Restaurant Industry Insight – Restaurant Name Precluded Registration of Foreign Language Equivalent
Restaurant names may be deemed confusingly similar even though one is in English and the other is in a foreign language with the same meaning.
Crystal Cruises, LLC filed two intent to use applications to register for “restaurant services” different versions of a mark consisting of six Chinese characters translated into English as SEAHORSE JAPANESE CUISINE.
The Examining Attorney refused registration based on a likelihood of confusion with the registered mark SEAHORSE for “bar, lounge services” owned by a Tennessee company named J. Alexander's, LLC.
The Applicant appealed to the Trademark Trial and Appeal Board (TTAB), which affirmed the refusal to register these Chinese character marks.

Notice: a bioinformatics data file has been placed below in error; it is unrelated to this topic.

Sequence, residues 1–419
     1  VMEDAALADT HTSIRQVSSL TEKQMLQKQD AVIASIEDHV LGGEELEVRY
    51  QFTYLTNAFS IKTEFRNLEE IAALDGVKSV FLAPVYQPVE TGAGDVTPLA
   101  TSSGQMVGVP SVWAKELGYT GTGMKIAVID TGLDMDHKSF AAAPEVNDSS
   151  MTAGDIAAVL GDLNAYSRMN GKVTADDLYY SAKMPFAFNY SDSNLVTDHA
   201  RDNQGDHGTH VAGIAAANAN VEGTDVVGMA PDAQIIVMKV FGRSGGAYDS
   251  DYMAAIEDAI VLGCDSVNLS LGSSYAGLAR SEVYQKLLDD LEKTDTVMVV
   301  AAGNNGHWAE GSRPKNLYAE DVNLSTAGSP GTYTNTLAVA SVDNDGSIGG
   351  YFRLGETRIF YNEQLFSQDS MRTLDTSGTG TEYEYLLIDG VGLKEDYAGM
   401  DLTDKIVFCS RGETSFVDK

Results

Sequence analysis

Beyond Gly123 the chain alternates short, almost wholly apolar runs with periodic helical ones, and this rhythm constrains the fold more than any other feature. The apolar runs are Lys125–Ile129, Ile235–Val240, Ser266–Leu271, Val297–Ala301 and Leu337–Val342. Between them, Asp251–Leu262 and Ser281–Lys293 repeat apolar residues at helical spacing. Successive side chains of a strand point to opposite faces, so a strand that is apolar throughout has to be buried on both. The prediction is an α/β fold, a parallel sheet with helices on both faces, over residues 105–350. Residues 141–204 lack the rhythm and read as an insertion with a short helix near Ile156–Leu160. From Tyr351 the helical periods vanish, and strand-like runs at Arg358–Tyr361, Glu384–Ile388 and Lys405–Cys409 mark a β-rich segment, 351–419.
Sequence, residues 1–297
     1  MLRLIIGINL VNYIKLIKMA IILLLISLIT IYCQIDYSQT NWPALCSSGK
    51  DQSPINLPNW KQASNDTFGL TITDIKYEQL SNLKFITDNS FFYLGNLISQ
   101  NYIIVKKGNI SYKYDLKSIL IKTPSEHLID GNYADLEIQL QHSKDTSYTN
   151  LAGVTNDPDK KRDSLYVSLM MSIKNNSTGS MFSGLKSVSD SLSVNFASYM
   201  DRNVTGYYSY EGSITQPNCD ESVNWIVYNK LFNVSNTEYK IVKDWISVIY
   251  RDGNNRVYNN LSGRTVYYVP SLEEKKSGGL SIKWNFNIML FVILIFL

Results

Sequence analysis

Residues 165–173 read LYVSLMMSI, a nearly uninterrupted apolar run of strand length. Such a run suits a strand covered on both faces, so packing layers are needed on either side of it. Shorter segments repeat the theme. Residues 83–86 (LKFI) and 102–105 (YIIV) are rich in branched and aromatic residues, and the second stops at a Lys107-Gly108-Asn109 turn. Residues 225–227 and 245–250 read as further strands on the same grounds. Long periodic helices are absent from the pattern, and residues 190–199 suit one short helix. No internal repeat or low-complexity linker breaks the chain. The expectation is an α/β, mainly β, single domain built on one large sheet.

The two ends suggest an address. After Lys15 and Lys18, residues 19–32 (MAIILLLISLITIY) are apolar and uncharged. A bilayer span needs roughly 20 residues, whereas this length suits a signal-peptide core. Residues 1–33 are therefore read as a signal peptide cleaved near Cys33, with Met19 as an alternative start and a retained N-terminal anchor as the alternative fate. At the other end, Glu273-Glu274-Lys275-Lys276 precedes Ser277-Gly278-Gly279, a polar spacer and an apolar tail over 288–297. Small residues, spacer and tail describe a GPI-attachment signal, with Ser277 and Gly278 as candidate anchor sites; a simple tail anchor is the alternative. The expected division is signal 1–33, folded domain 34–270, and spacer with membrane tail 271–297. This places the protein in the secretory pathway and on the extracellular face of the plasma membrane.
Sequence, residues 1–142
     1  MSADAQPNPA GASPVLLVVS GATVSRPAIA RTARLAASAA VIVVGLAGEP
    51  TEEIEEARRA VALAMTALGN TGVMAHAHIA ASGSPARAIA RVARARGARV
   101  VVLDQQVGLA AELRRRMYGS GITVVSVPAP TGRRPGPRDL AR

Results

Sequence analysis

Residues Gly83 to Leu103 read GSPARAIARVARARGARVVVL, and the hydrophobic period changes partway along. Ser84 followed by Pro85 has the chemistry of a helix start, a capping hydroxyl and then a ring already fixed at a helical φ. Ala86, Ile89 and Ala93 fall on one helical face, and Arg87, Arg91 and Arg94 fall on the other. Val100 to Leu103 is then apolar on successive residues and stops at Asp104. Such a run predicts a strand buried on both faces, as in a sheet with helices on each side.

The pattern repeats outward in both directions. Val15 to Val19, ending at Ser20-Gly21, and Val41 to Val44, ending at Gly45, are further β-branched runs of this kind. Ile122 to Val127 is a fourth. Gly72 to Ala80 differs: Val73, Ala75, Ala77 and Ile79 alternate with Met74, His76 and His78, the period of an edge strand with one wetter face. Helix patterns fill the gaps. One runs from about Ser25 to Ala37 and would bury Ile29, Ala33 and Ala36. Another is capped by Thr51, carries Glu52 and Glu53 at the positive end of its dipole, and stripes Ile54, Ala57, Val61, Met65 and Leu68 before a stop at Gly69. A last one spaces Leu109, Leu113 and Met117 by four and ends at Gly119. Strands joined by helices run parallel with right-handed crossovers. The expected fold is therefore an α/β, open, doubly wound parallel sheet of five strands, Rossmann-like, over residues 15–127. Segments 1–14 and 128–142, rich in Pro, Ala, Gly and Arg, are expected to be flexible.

The TTAB applied the “doctrine of foreign equivalents,” which it characterized merely as a guideline rather than an absolute rule, to be applied when it is likely that the ordinary American purchaser would stop and translate the word from a common, modern language like Chinese into its English language equivalent.
The Applicant argued that the Chinese marks differed from the English equivalents in appearance and sound. But the TTAB determined that the connotation and commercial impression of the marks were similar in that the SEAHORSE element was dominant in both marks and the remaining words in Applicant’s mark were generic for, or descriptive of, the type of food served.
The Applicant also argued that the restaurant services differed from the bar and lounge services, but the TTAB said they both involve food service, and the application was not limited to Japanese food restaurants.
In re Crystal Cruises, LLC, Serial Nos. 86950812 & 86950841 (T.T.A.B. December 6, 2018).
Author’s Note: This case illustrates that in choosing a restaurant name, you should search to avoid any name either registered or in use, in English or another language, that might have the same meaning. Further, if you are using or have registered a restaurant name, you should engage a trademark watching service to learn of any applications filed for similar names in English or their equivalent in another language.